The garden has been quietly growing weeds unless you’ve been diligently removing them. The weeds may be seeding so it’s time to either spray them or dig them out being careful not to let the seeds land on the ground or you’re in for another crop of weeds! Also dead heading flowering plants needs to be done to prolong the flowering period. If you leave the flower heads on the plant will put it’s energy into ripening a seed head. Watering – The moisture content of your garden soil does need to be monitored. The simplest way to check your soil moisture is to get a trowel or spade and dig down 150mm to 300mm ( six inches to a foot ), and see how moist the soil looks. There are moisture measuring probes available at good hardware stores. Check with your local council website to see if there’s any watering restrictions before watering your garden. If it looks dry then water it. If your local council allows watering with a sprinkler it’s best to have a timer set to turn off after set set period. So you don’t suddenly remember you’ve left it running too long. It’s worth considering installing an automatic watering system, with a timer that turns on and off at predetermined times. This means there’s one less chore to remember to do. Simple watering systems can be installed by amateurs, but most of the handyman systems I’ve seen have been a waste of time and money, because there not done properly. I prefer to water in the evening, so the water has time to soak in over night. If you water during the heat of the day you will lose a lot of water to evaporation. Mulching is a good idea to cover any bare soil, to reduce weeds and conserve moisture. Pull out all the weeds, many of them will be going to seed, so your weed problem can quickly get away on you. If you’ve got children it can be a good time to encourage them to learn about gardening, by helping you or having their own little patch of plants that they plant and tend. If it’s getting too much for you to do you can consider getting professional help from a landscaper With property values the way they are, it can be a good investment to maintain and improve your property. Ants – Can be a problem especially in Northern districts. There are ant bait products that can be placed near where you see the ants. They generally work by attracting the ants en mass, so it can appear to be worse until they take the bait back to the nest and have a mass effect. It’s worth considering putting the baits under the building where practical to stop them before they invade the building.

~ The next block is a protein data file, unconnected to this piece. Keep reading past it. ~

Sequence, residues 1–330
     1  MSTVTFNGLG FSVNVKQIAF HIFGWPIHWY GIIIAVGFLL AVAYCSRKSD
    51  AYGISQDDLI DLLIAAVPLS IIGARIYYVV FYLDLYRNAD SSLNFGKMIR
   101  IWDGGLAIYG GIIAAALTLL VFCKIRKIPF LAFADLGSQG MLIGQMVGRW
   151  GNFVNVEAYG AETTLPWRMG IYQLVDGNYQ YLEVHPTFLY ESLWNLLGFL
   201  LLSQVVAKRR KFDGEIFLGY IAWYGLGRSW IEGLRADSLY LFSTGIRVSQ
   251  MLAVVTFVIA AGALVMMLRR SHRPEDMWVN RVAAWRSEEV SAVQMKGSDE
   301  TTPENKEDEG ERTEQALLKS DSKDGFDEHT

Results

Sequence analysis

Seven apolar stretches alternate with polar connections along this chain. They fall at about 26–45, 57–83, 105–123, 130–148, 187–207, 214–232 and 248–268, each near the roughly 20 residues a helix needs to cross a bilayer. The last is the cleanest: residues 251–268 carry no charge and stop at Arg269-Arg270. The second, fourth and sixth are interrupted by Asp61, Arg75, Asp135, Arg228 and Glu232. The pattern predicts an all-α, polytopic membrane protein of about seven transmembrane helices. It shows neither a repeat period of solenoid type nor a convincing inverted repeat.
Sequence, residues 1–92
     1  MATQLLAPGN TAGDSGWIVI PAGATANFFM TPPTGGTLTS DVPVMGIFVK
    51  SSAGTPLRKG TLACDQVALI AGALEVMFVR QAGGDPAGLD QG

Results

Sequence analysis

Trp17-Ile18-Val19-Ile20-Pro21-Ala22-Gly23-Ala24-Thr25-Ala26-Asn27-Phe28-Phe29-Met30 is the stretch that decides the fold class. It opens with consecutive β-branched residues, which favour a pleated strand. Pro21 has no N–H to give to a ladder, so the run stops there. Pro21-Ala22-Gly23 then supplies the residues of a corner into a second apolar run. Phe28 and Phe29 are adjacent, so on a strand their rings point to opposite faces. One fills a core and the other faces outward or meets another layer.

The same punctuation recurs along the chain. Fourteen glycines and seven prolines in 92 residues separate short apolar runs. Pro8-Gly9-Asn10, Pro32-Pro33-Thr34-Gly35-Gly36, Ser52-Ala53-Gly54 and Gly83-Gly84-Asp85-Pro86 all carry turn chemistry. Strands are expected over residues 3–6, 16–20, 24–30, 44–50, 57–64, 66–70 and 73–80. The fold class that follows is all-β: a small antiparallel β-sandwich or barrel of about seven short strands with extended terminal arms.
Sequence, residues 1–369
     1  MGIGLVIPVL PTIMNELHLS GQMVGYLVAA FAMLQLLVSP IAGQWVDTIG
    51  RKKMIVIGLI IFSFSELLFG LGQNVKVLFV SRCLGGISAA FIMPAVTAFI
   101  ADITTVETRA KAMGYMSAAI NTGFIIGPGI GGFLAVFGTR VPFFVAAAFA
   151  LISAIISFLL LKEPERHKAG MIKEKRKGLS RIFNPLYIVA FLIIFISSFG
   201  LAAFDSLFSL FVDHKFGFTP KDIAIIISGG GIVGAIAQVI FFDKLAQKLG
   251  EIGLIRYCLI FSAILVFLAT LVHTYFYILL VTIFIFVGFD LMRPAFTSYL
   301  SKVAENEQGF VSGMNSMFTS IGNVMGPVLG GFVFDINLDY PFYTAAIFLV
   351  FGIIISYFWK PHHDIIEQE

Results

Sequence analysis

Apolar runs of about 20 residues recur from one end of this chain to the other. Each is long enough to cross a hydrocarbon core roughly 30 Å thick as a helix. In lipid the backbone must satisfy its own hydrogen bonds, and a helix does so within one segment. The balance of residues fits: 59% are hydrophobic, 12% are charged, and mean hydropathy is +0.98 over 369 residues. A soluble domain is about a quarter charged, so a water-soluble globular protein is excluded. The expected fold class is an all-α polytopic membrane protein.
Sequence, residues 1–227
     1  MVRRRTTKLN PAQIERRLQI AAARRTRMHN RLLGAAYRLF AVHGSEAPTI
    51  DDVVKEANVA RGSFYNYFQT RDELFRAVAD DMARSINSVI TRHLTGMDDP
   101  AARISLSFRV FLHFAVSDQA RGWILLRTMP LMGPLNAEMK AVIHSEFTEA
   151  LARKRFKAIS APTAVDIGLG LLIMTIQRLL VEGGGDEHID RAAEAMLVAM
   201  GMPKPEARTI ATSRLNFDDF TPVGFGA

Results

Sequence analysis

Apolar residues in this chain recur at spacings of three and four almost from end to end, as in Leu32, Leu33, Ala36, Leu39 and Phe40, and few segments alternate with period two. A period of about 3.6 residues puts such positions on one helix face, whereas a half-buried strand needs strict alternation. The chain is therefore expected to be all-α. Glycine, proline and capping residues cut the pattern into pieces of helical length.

Food Gardening

Vegetables –